"It's a nice milestone," said Ronnie McFall after overseeing his 1,000th league game in Northern Ireland, though the 68-year-old's focus "has always been on the future".
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Long-serving Northern Irish Premiership boss Ronnie McFall added a special milestone to his management CV at the weekend, with the 68-year-old marking his 1,000th league game as a manager.
Head coach at Portadown FC since 21 December 1986, McFall is the longest-serving manager in Europe following Sir Alex Ferguson's retirement in May, with 863 of those games having come during his time in charge at Portadown. He kicked off his management career with 137 games at Glentoran FC, where he managed from 1979 to 1984.
"It's amazing and hard to believe," said McFall, who was appointed Ports boss just six weeks after Ferguson was named Manchester United FC manager in 1986. "I don't really keep track of statistics and it was only recently I realised I was closing in on 1,000 league games. It's a nice milestone to reach."
In total, McFall has been in an Irish League dugout for 1,658 games in all competitions, 1,377 of those coming during his successful 27-year stint at Portadown FC. David Jeffrey, who has been in charge at Linfield FC for 17 years, branded McFall the 'Godfather' of football management in Northern Ireland.
"He has my utmost respect," said Jeffrey. "Ronnie's longevity bears testimony to a manager of great ability, stickability and desire. He is the Godfather of club football in Northern Ireland." Tommy Breslin, who led Cliftonville FC to the league championship in May, said: "Ronnie's contribution to local football is the envy of all other managers. It is an outstanding record."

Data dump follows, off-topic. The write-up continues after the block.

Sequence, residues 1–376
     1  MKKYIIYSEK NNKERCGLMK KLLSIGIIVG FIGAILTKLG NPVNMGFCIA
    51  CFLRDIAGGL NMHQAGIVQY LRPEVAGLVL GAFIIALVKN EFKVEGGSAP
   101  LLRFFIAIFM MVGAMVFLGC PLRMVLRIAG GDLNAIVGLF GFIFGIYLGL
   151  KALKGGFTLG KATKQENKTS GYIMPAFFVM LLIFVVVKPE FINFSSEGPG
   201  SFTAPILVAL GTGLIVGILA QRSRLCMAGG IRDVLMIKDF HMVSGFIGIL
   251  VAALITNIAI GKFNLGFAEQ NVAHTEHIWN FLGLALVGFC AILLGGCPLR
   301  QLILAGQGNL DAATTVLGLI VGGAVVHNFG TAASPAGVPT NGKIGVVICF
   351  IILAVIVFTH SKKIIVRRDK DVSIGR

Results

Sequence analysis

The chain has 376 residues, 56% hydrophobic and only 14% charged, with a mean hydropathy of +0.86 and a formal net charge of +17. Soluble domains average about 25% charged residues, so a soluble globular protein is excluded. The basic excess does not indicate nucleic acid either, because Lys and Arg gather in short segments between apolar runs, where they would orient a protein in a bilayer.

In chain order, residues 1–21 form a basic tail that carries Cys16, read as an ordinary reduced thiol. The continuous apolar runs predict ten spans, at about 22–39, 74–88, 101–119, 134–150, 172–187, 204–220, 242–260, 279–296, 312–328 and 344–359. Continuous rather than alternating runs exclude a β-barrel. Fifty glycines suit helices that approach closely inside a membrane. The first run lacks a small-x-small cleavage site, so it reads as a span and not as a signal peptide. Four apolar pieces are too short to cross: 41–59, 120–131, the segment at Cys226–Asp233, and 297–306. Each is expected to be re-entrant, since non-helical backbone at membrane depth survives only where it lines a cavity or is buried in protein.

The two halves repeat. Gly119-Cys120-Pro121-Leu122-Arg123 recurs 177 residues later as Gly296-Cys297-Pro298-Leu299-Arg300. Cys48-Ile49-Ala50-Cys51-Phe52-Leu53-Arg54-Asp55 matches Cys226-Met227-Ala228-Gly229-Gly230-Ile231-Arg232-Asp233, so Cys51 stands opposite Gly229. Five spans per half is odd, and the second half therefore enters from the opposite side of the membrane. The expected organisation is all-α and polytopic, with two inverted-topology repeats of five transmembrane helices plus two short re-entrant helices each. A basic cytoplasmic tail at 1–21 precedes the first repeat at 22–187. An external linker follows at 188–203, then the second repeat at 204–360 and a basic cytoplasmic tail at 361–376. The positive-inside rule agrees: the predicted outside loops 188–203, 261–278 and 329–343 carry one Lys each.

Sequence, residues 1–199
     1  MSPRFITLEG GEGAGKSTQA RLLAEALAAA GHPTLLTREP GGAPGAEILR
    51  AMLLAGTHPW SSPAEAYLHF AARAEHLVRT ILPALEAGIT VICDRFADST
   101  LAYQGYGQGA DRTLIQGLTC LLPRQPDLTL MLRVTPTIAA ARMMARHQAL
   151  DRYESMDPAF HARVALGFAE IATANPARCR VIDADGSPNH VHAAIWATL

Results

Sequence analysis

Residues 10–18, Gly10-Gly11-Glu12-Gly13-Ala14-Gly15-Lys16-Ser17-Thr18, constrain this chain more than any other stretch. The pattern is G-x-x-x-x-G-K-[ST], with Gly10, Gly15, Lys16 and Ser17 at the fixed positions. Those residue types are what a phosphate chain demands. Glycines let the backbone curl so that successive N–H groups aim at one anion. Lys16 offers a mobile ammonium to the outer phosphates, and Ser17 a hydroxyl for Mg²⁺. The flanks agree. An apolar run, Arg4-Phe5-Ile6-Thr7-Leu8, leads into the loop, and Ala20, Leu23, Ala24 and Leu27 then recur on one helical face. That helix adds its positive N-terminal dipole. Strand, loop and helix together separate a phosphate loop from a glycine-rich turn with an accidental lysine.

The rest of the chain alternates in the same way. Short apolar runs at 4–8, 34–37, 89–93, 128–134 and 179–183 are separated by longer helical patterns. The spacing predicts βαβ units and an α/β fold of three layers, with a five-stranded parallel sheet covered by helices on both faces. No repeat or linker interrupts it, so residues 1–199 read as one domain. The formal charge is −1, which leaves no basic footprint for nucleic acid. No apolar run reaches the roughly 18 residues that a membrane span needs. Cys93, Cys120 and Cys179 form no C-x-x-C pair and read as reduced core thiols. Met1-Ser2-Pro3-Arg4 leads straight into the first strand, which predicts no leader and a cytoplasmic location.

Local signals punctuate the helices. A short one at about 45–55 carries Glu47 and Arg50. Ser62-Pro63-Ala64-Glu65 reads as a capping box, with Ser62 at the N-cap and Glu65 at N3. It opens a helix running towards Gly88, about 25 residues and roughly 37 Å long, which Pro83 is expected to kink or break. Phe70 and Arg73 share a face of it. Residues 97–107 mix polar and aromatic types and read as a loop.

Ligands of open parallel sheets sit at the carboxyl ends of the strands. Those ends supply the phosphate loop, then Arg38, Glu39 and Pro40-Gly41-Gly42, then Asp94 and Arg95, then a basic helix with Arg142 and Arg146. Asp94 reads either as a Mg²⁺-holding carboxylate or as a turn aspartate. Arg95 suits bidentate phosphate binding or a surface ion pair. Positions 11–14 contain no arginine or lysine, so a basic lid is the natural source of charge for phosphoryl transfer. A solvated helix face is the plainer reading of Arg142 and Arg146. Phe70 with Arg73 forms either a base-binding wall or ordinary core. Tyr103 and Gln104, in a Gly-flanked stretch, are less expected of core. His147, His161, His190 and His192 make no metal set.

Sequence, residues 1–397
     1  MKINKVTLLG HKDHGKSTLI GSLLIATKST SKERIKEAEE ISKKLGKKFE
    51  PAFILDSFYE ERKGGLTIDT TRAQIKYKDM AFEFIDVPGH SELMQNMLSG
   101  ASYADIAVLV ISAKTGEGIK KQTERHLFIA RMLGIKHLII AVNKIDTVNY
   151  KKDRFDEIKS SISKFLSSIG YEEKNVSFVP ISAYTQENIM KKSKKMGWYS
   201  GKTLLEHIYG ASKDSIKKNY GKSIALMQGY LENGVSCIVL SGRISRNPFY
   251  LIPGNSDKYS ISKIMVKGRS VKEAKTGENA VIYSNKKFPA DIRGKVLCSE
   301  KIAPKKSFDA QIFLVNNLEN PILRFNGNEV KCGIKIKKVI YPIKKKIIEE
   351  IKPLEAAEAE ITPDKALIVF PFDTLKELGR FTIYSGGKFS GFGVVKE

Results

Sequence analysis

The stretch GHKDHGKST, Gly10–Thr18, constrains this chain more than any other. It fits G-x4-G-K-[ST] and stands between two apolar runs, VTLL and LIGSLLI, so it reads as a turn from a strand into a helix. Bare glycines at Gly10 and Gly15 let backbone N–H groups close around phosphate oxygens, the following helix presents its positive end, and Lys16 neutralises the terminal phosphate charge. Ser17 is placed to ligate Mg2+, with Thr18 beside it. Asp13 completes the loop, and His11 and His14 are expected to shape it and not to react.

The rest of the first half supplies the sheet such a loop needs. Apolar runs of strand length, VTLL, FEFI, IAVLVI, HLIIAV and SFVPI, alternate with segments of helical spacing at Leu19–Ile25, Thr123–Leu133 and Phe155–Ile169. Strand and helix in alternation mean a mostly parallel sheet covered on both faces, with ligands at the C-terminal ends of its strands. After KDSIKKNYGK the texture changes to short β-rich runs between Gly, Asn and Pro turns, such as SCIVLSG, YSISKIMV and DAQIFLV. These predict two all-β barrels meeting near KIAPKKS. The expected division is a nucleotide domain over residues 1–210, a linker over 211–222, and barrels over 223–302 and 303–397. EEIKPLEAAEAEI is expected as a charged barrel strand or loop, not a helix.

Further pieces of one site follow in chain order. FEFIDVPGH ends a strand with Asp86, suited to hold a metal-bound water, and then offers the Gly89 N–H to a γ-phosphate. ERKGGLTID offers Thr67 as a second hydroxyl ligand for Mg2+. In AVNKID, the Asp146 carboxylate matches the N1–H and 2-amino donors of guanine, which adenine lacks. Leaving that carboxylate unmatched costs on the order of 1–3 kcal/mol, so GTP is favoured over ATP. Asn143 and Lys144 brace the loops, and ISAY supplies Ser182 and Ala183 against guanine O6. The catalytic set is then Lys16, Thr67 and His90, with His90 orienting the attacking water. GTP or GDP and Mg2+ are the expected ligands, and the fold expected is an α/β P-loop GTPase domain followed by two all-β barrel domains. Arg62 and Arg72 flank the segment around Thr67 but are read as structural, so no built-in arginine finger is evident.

Portadown were rooted to the foot of the table when McFall assumed control 27 years ago, but the former Dundee United FC defender revived the club's fortunes. He steered the Shamrock Park outfit to a first league championship in 1989/90 and delivered further titles in 1990/91, 1995/96 and 2001/02.
He also led the Ports to their maiden cup success in 1990/91 – completing a domestic double – and lifted the knockout trophy twice more in 1998/99 and 2004/05.
"When I first came to Portadown, people said there was a gypsy's curse on the club," recalled McFall. "People said we were destined never to win a major trophy. They said I was mad, but within four years we'd won the league and turned things around. It was very special delivering a first title to my home-town club in 1990. The scenes were unbelievable. It was a dream come true for so many people at Portadown. Grown men were crying. I'll never forget it."
During his five-year spell in charge at Glentoran, McFall won the league championship in 1981 and Northern Irish Cup in 1983 before parting company with the Belfast club the following year.
On the future, McFall, whose current contract at Shamrock Park expires next summer, said: "I have a lot of great memories, but my focus has always been on the future. The onus is on trying to deliver more success and silverware to Portadown."